Q. Got an email from a company called Arcadia Power. They say they can source my energy such that it comes from renewables, then pay my energy bill for me. Can they do this? Is my money safe with them? Won’t my municipally owned power company be upset? I would love to make the switch, but I want to be sure this is legit. 

Margarita M.
San Antonio

A. Dearest Margarita,

Kudos for setting a prime example in savvy consumerism. If everybody applied this scrutiny to every product promising miracle weight loss, get-rich-quick results, or the kind of unmentionable claims that populate my spam folder, we’d all be happier (and have a few more bucks in our pockets). In fact, from now on, let’s all take a step back and ask ourselves, “Wait, they’re doing what with my money?” before whipping out our wallets.

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The offer you received is what’s called a renewable energy certificate (REC), aka green tag. And to answer your first question — can they source your power from renewables? — well, not exactly. But RECs are indeed a totally legit way to support the development of greener, cleaner energy. Let me explain.

All electricity, whether it comes from a solar panel, hydroelectric dam, nuclear power plant, or coal, looks exactly the same once it gets dumped into our national energy supply, aka the grid. (For a refresher on that vast, complicated system, head over here.) Which sources supply the juice for your particular house varies by location – up here in Seattle, for example, it’s primarily hydropower, while Texas’s number-one source is natural gas.

Now, REC providers don’t actually change where your electricity comes from. Instead, they pay a third company — a wind farm in North Dakota, say — to generate electricity. (In this particular case, you say that Arcadia will pay your electric bill, which is true, but the company then charges you what your regular utility does, plus a little extra to cover the RECs.)

Confused? Here’s a handy explainer. Or, if you prefer, just assume that, while the actual electricity flowing through your house comes from the same place, by buying those RECs, you “own” the environmental benefits of that clean energy from North Dakota.

Granted, this is all a bit confusing. But it’s a nifty system for several reasons. For one, it lets you financially support green energy projects even if you don’t have them in your neck of the woods. It helps make the overall energy mix in the grid cleaner. And it allows you to completely offset your personal electricity footprint by replacing any carbon-emitting power you suck from the grid with new electricity derived from renewable sources.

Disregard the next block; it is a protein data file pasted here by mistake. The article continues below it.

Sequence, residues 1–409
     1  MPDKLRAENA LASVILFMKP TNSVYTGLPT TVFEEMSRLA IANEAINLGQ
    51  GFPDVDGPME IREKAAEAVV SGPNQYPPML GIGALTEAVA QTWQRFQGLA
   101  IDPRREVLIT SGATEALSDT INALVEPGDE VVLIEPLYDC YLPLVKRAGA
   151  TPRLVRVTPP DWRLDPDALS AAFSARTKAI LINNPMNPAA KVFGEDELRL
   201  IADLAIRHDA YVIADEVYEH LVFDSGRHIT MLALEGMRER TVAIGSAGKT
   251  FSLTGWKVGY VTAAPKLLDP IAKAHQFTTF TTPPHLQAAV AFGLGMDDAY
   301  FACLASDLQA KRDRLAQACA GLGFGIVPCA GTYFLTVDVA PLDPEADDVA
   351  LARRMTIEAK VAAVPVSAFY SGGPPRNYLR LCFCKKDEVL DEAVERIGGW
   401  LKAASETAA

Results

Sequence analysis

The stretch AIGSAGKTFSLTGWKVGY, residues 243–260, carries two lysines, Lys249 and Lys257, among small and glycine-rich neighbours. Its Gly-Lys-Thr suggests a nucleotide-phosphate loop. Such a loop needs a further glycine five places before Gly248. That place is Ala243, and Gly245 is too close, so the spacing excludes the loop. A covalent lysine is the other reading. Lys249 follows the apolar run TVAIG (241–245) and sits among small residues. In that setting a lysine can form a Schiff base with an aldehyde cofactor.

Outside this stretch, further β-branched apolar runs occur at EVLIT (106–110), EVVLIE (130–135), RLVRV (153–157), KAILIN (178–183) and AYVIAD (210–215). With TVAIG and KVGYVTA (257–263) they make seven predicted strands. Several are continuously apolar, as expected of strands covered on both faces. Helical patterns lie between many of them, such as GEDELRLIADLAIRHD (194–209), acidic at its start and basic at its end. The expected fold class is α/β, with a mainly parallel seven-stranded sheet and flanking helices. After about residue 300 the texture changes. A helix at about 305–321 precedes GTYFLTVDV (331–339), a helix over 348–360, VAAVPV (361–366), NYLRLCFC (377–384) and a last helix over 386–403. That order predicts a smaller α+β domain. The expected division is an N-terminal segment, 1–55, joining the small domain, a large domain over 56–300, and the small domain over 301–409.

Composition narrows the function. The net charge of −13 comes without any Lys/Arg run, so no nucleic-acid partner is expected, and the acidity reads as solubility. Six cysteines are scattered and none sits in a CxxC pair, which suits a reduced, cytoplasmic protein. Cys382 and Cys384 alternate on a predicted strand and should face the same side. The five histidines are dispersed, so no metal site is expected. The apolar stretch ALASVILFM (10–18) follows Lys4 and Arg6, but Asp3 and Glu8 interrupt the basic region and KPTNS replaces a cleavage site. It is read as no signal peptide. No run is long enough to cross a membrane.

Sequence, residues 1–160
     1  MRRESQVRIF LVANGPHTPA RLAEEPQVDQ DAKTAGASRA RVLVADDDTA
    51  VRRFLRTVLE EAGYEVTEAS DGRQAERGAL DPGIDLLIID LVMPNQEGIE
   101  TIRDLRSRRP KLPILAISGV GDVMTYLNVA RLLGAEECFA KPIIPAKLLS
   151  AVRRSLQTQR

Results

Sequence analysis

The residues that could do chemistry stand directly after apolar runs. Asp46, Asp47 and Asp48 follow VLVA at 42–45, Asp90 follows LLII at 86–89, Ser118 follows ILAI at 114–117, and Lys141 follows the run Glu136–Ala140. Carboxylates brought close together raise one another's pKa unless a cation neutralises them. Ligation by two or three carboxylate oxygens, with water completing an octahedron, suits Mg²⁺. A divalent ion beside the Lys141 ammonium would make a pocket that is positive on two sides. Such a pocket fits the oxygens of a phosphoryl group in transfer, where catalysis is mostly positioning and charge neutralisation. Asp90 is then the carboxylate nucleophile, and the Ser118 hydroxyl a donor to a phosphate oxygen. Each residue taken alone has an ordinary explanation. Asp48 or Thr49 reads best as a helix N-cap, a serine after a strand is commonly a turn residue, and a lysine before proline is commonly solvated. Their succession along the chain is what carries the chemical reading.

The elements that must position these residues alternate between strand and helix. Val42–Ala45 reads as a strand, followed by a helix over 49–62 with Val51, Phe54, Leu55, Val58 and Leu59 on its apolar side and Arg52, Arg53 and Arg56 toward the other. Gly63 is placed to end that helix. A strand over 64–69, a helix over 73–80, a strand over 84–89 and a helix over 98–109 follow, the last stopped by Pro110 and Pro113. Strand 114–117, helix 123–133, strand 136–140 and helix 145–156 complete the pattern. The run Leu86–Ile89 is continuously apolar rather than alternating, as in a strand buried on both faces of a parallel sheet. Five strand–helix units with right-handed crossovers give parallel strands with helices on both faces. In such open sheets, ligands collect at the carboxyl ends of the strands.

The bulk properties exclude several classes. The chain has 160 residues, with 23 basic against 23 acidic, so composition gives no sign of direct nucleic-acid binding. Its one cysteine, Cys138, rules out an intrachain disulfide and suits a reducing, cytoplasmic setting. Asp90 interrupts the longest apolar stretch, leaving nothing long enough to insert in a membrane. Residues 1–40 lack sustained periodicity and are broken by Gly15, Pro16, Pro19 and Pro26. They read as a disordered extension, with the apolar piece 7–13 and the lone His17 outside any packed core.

Naturally, Margarita, you want to be sure that your REC provider is on the up and up — in other words, that your hard-earned cash is truly funding a green energy project and not, say, a pony for the executive’s kid. Enter the importance of third-party verification. The one major player here is the Center for Resource Solution’s Green-e energy program, which makes sure a given REC is worth its salt (among other things, it makes sure RECs fund new energy projects on the voluntary market and produce the amount of green juice they say they do).

Now to your offer from Arcadia Power. If you check the Green-e website, you’ll notice they’re not listed as certified*. So I called the company to find out why not. Good news: According to company cofounder Kiran Bhatraju, it won’t be that way for long. “We buy a Green-e certified product right now, and we’re in the process of becoming a Green-e certified company,” he said. “As a two-year-old company, it takes a bit of wrangling.” It’s up to you whether you want to wait for that official word to come through before buying. [*Update: Arcadia Power is now certified.]

Interested in putting some dollars toward clean energy development? Some of you will have this option directly through your local electric company, and signing up that way is great because it sends the clear message that you want windier, sunnier power in your area. Some of you won’t, but the beauty of RECs is that they’re available to all. You can find choices both local and far-flung by searching the EPA’s Green Power Locator. Note that not all the options come with Green-e certification, though, so be sure to check them out carefully. The old journalism motto — “If your mother says she loves you, check it out” — applies just as nicely to shopping, you know.

Caveat emptorially,
Umbra